The Most And Worst Regulations Secretly Pass ‘Round Midnight
The Obama administration is on a regulation streak as President Obama works hastily to implement his policy goals before he leaves office. Narrowing the overtime pay exemption, limiting attorney-client privilege, treating e-cigarettes as tobacco products, and making financial advice more costly are the results of just a few recent major executive branch regulations. All of these regulations were finalized this year, but could there be more so-called “midnight regulations” coming?
George Washington University Regulatory Studies Center’s Sofie Miller, the coauthor of a recent study on midnight regulations, explains the motivation behind President Obama’s regulatory onslaught over the past few months. She also lets us know what to expect from regulators before the new president takes the oath of office.
Jared Meyer: Your paper looked at the last three presidential transitions (Bush 41 to Bush 43) to see if there was any increase in “economically significant” or “major” rules during the final months of a president’s term. What did you find?
People might assume that there is not much regulatory activity going on in the final months of a presidency, but that is not the case.
Sofie Miller: Our report, which I coauthored with my colleague Daniel Pérez, found strong empirical evidence of ramped up regulatory activity leading up to a presidential transition, which is typically referred to as the “midnight” period. People might assume that there is not much regulatory activity going on in the final months of a presidency, but that is not the case. During the midnight period, regulators are extremely active as they attempt to wrap up their outstanding regulatory priorities before a new president with new directives can change the course of their work.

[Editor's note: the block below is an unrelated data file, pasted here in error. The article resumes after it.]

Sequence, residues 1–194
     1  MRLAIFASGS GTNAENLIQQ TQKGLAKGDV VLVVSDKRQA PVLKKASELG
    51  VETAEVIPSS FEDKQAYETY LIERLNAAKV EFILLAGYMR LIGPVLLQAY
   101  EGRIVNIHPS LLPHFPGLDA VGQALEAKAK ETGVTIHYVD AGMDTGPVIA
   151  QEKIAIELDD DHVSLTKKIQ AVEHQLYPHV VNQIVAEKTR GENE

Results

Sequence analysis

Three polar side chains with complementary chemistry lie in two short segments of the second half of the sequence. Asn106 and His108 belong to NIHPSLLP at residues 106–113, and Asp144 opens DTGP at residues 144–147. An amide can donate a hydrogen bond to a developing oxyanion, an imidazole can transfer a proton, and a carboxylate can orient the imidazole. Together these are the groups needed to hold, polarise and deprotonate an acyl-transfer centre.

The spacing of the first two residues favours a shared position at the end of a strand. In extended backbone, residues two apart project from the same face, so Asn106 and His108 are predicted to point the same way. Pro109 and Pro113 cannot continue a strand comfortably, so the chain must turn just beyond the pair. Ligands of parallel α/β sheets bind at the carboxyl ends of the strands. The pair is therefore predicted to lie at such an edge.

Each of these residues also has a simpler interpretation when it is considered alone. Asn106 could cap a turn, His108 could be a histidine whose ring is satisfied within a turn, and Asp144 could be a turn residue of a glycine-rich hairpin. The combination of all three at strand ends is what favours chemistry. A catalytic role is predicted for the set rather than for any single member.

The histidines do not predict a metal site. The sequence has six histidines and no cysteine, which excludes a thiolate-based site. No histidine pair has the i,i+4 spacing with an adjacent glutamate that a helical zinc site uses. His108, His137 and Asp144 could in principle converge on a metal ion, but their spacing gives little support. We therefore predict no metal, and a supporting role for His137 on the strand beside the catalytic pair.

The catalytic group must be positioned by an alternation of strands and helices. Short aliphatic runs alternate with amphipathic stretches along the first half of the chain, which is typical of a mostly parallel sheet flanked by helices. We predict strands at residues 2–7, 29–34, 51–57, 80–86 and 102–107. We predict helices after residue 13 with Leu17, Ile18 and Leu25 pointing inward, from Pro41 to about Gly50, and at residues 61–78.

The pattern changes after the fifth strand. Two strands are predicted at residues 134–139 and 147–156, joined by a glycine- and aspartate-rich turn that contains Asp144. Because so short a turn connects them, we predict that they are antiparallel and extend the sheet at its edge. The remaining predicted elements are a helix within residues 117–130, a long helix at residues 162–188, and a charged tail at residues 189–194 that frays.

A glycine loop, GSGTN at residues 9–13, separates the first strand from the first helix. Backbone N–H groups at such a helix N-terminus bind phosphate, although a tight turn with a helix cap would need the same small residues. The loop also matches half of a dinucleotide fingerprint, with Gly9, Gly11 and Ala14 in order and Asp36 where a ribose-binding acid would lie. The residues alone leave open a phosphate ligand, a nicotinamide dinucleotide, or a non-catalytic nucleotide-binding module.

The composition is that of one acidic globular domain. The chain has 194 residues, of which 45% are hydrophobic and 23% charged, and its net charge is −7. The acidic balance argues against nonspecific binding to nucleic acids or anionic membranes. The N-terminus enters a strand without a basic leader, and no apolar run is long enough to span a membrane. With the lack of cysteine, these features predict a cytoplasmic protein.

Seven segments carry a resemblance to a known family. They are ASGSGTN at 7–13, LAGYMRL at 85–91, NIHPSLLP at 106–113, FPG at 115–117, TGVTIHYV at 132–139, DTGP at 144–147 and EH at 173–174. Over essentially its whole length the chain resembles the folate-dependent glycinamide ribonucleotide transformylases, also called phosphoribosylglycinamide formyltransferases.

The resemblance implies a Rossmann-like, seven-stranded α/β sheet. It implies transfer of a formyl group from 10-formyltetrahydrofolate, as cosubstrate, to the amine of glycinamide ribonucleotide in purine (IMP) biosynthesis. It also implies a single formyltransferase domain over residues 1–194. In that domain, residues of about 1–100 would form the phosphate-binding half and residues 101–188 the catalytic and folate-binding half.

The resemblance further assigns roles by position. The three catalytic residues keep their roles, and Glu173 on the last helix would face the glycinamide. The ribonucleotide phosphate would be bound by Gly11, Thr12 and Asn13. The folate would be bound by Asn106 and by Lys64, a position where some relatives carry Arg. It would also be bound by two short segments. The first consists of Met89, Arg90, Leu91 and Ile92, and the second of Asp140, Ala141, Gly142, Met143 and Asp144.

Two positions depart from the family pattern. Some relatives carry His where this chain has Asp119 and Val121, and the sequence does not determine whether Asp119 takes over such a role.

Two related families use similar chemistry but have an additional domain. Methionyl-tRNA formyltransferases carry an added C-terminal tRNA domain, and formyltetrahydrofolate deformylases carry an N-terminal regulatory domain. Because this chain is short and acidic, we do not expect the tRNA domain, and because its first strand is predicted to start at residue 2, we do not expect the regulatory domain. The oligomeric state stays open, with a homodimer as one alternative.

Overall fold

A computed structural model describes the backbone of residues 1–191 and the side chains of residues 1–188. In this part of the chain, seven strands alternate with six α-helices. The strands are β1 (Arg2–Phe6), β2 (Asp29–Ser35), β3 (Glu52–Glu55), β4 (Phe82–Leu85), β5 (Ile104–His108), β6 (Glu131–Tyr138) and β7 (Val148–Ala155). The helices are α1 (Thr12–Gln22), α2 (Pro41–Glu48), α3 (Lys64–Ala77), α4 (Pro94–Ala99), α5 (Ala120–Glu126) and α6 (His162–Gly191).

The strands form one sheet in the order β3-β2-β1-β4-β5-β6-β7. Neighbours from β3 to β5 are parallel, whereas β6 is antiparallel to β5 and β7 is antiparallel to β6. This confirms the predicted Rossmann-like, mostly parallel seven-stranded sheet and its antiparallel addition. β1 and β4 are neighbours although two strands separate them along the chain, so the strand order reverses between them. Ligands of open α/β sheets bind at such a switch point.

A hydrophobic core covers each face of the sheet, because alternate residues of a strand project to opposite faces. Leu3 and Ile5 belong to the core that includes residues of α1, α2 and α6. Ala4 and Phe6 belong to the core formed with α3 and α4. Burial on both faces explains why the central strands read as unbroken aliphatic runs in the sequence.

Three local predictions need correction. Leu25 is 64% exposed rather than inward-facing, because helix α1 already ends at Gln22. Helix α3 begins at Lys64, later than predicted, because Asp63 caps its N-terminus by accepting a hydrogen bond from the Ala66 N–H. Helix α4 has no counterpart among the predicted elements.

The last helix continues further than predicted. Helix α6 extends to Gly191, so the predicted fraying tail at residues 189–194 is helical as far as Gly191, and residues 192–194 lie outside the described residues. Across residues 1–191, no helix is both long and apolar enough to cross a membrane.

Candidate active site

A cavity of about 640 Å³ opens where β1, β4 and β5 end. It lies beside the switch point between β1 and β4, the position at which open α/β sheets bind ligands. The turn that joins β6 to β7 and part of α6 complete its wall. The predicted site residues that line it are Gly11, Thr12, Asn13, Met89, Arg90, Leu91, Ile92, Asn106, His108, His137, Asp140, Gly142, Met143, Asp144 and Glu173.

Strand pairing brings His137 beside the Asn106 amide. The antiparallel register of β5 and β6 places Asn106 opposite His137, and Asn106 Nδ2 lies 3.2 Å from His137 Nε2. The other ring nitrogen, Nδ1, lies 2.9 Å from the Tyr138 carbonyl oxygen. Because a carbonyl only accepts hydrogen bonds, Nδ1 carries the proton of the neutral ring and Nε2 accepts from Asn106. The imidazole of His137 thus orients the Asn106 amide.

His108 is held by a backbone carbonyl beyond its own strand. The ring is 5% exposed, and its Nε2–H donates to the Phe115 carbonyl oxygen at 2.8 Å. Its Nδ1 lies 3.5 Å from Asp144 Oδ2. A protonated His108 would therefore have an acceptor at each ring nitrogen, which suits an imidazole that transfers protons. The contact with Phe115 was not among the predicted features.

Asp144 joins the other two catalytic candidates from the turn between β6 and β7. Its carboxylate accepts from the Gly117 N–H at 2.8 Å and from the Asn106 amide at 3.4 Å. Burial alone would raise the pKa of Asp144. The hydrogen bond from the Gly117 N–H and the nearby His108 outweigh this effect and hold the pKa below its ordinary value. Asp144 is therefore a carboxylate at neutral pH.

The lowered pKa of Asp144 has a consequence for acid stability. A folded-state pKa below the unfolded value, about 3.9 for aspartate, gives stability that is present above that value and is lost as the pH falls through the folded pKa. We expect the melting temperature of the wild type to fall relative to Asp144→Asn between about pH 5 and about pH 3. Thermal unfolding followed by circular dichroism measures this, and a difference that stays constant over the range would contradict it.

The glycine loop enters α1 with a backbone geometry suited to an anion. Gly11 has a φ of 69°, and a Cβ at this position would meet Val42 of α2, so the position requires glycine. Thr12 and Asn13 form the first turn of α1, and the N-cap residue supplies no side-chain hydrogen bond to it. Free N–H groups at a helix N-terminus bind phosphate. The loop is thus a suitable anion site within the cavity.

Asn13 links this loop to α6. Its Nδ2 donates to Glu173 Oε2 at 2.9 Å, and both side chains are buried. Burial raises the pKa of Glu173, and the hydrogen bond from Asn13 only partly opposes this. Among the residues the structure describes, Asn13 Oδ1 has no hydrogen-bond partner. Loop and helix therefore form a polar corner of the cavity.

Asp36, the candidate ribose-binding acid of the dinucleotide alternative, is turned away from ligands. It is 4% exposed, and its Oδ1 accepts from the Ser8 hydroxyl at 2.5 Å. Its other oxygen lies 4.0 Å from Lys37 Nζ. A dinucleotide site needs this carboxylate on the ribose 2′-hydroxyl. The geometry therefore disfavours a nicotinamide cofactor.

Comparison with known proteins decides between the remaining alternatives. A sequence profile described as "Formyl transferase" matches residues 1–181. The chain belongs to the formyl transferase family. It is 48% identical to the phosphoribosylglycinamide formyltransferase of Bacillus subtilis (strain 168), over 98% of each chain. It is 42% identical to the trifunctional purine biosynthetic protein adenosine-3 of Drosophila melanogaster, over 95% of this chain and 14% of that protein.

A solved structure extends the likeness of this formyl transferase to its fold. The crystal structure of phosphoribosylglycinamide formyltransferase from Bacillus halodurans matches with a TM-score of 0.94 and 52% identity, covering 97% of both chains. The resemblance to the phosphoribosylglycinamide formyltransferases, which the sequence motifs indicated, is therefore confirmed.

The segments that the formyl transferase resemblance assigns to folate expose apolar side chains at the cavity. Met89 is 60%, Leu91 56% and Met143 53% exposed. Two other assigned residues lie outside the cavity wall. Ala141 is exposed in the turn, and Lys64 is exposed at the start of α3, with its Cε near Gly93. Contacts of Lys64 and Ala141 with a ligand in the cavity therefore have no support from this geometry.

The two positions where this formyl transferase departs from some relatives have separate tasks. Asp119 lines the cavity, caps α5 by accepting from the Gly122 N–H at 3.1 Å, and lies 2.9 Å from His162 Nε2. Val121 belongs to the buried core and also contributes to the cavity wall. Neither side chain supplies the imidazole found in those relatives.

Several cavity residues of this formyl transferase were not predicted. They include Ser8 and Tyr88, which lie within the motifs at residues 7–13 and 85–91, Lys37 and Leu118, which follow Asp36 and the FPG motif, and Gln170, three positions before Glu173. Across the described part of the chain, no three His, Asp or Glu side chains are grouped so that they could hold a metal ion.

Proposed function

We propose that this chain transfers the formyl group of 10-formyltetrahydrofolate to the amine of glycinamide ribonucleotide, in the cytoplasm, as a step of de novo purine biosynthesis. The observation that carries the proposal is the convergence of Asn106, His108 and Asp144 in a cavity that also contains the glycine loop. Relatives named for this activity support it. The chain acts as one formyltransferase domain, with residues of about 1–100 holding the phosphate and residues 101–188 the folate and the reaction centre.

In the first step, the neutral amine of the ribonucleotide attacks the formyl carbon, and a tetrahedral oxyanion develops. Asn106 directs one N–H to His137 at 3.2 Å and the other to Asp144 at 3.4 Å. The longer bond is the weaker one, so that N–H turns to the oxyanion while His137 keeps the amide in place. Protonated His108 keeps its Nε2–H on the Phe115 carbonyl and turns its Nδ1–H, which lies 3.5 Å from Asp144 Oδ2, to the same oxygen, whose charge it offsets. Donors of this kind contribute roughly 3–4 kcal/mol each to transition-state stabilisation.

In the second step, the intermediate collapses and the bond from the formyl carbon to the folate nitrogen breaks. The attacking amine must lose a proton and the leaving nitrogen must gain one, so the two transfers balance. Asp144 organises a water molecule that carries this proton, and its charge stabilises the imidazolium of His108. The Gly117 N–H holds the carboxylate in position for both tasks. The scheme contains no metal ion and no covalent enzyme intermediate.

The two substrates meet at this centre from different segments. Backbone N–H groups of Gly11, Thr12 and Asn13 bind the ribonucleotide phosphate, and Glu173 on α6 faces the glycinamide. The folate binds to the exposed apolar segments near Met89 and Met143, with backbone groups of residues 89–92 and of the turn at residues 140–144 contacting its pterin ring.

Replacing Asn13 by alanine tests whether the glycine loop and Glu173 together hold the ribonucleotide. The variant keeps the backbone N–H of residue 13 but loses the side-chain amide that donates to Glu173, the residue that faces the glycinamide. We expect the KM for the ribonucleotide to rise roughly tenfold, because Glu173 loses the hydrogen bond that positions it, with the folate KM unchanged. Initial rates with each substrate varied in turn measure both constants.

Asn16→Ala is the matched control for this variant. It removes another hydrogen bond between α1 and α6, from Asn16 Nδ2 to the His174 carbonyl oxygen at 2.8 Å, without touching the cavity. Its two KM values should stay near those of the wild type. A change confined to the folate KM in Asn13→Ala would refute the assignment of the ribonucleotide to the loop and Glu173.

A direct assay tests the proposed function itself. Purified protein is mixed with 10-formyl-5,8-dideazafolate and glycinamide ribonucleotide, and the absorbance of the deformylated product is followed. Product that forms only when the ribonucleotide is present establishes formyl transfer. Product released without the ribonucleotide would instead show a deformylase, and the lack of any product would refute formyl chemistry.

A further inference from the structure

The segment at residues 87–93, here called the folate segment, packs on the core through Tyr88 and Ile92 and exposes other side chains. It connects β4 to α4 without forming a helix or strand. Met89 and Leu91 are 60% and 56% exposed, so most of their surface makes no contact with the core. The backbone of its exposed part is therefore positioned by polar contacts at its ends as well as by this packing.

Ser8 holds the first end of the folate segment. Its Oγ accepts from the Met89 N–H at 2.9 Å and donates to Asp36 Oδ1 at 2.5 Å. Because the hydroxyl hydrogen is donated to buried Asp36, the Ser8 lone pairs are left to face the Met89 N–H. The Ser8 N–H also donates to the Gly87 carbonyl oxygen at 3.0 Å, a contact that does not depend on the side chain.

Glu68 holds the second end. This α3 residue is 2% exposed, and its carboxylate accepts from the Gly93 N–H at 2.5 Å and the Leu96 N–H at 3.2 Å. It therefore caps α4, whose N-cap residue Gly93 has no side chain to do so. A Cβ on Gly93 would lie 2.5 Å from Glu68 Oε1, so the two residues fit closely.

Our report included a regression model, which finds that there is a statistically significant increase in economically significant rules after the November presidential election and before the next president is sworn in. While on average we see about four economically significant rules per month, our models predict that the number will increase threefold to 12 economically significant rules per month from November 2016 to January 2017. That adds up to the issuance of at least $1.2 billion in regulatory effects on the economy per month during the midnight period.
However, this increase in regulatory activity is only true for executive branch agencies, such as the Environmental Protection Agency and the Department of Labor. Independent agencies, such as the Consumer Financial Protection Bureau and the Securities and Exchange Commission, have historically not shown much of a surge in midnight regulation. This tells us that the structure of independent agencies, whose members do not all change after the election, alters the incentives of the regulators.
JM: Your findings seem intuitive. After all, why would presidents not want to get through as many regulatory changes as they could before they leave office? Are there any other concerns over midnight regulations besides their number?
SM: In addition to the sheer onslaught of new rules, midnight regulations can be problematic because the last-minute rush to regulate has been tied to less-thorough analysis, along with fewer opportunities for the public to participate in the rulemaking process. We know that rigorous regulatory analysis and public input are both crucial building blocks for a healthy regulatory process, and shortcutting these important inputs can lead to worse regulatory outcomes.